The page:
Collecting Tales of Christmas
November 25th, 2015 by Kris Capps
Joyce displays a small sample of her collection. She has more than 120 different versions of this Christmas favorite.

Joyce displays a small sample of her collection.
She has more than 120 different versions of this Christmas favorite.

Librarian Joyce McCombs loves all books. But she has a special love for one book in particular: “The Night Before Christmas.”
That is the book that introduced her to the magic of reading. Today, she has collected nearly 120 different versions of the iconic Christmas story, all with different illustrators.

The special collection occasionally makes its way into the community of Delta Junction, Alaska, for public display, but it is really just a personal collection she enjoys with her family and friends.
Joyce remembers being 4 years old when her grandmother read the story
to her.

“I remember liking the rhythm of the words, the cadence of the story,” she says. “Something clicked with me. Those funny squiggles on the page and beat of the words, that was reading!”

Joyce still owns that first book, which is in the shape of Santa Claus’ face.

Fast forward to high school.

She was in a Hallmark store and saw a little book of “The Night Before Christmas.” It cost $1.

“I’ll buy anything for $1,” she remembers thinking. “So I bought it.”

During the next three or four years, similar books of the same title showed up at the checkout stand. She then discovered “The Night Before Christmas” books went on sale after Christmas.

“Pretty soon, I probably had a dozen books,” says Joyce.

She always loved antiques, so she soon found a vintage version of the story.

Every year, Joyce bought at least one “The Night Before Christmas” book. Thus, her collection began.

She finds them on Ebay and even at garage sales. But she doesn’t buy all of them.

“I’m pretty picky,” she says. “They have to talk to me.”

For one thing, the Santa has to appeal to her.

“I am really particular about Santa,” says Joyce. “No low-carb Santas. He has to be jolly.”

The books vary. One is a glow-in-the-dark book. Another is a pop-up book. You can shine a flashlight through one book and see shadows on the wall. Some books are teeny-tiny. Another has a ribbon bookmark with a brass stocking at the end. One of her books is illustrated by the famous painter Grandma Moses. Another tells the story in sign language.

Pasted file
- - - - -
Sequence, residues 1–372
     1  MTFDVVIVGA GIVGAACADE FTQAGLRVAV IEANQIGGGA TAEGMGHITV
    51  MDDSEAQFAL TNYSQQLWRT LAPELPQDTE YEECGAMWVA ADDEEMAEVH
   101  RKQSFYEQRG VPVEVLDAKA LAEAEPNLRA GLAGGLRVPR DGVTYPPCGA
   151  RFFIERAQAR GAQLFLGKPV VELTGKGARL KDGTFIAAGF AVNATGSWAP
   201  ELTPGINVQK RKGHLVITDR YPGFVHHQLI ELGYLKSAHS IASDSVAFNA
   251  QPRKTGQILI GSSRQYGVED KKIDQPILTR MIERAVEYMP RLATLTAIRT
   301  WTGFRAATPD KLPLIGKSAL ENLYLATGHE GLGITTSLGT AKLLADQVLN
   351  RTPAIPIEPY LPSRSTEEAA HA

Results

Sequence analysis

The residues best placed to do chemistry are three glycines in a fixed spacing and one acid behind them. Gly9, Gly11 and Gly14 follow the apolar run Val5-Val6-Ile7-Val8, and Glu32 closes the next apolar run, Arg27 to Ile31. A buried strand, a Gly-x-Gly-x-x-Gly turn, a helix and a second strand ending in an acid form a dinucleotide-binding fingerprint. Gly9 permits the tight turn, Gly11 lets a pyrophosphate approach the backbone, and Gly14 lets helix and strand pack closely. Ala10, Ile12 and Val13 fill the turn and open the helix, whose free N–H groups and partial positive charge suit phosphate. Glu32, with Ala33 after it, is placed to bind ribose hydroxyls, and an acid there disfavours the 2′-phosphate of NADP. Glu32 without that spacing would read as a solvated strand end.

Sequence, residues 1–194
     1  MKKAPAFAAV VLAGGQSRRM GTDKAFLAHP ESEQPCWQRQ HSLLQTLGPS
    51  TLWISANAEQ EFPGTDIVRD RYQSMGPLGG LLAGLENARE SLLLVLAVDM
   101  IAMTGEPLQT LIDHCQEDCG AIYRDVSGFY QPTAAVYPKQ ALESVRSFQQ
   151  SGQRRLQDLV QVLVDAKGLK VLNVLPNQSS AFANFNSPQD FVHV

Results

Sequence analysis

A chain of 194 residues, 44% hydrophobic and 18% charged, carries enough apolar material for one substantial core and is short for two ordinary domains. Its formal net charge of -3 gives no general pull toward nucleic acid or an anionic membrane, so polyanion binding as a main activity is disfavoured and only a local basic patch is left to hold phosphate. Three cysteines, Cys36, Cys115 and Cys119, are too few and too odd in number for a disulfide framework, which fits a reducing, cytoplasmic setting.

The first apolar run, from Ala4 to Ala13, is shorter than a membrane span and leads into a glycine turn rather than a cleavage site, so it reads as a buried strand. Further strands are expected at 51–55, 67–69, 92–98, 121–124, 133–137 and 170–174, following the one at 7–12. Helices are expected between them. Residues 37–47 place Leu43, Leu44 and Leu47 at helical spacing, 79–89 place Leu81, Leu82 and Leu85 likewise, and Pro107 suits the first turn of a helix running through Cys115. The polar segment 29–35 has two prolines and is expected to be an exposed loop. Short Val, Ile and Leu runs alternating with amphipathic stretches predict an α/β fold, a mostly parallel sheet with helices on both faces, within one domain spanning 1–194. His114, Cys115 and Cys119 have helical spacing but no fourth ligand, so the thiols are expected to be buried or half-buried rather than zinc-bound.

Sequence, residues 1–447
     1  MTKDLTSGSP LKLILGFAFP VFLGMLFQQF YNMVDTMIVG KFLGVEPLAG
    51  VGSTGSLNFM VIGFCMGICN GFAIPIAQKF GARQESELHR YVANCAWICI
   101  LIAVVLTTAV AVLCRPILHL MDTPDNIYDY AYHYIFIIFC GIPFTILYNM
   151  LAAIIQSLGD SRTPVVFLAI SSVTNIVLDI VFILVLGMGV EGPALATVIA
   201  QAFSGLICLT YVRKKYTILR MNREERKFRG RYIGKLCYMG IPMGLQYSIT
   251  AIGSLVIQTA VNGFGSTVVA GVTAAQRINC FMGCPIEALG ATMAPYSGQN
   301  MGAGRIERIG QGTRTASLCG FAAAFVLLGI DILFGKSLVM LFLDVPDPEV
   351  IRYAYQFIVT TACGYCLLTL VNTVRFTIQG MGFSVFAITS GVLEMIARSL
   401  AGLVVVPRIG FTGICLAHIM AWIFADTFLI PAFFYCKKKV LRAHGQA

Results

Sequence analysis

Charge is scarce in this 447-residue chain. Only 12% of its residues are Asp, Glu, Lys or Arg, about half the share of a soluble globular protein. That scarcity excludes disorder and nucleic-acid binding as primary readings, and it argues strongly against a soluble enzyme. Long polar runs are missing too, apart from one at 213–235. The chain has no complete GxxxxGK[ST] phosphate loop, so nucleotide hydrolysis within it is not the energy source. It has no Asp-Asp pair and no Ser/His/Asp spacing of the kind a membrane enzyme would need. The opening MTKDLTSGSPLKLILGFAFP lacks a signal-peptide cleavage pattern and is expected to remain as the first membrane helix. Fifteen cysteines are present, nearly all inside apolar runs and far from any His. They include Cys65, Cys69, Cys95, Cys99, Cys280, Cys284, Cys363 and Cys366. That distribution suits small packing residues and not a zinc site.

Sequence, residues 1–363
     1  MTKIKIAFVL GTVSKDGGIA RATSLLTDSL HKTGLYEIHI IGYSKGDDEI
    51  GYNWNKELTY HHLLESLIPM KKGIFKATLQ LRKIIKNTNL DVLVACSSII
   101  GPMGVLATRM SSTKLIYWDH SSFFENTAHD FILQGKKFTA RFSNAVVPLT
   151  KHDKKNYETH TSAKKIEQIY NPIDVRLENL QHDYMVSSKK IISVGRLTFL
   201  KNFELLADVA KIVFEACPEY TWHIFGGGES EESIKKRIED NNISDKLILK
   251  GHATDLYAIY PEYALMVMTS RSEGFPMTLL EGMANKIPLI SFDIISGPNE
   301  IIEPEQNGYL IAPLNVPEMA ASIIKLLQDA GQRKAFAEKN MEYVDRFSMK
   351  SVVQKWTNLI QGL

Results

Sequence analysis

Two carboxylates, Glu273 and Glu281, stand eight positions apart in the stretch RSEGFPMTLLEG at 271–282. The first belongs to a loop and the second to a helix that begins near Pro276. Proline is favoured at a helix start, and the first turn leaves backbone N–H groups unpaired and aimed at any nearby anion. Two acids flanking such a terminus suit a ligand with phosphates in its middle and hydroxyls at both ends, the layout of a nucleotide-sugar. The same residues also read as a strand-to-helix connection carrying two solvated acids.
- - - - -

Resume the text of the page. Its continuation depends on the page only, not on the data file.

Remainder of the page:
Some of the books are different shapes: a triangular book, a carousel book, and one that opens up and ties in the back to stand on its own.

“As I have been collecting, the world of these books has been expanding,” says Joyce. “Now, they are interactive. They are really works of art, especially the pop-up books,” she says. “The paper engineering is so intricate. It’s such a specialized skill.”

More than 20 years ago, Joyce started displaying the collection in her home during the holidays.

“I only see it once a year, so I never get tired of it,” she says. “It takes a whole day to look through them. They’re like old friends.”

Now, Joyce keeps track of when she buys them.

Last year was the first time she showed some of the books publicly, through the Delta Imagination Library. Some of the books are fragile, so she put them in a display case.

“I don’t mind showing them, but I like to keep them intact,” Joyce says.

“This is an inexpensive hobby because I probably don’t even spend $50 a year.”

A book becomes valuable if there is a low press run or if an author signs it. But for Joyce, these books are valuable for other reasons.

“Especially if someone gave it to me,” she says. “That is really precious.”

She never tires of sharing “The Night Before Christmas” with children at the Delta Community Library.

“I have never had a kid not tune in,” she says. “The magic is in that story, the way that iambic pentameter goes.”

An added bonus in Delta Junction at Christmas time: Santa Claus often visits the library just as Joyce finishes reading the book.

“It’s the best moment,” she says.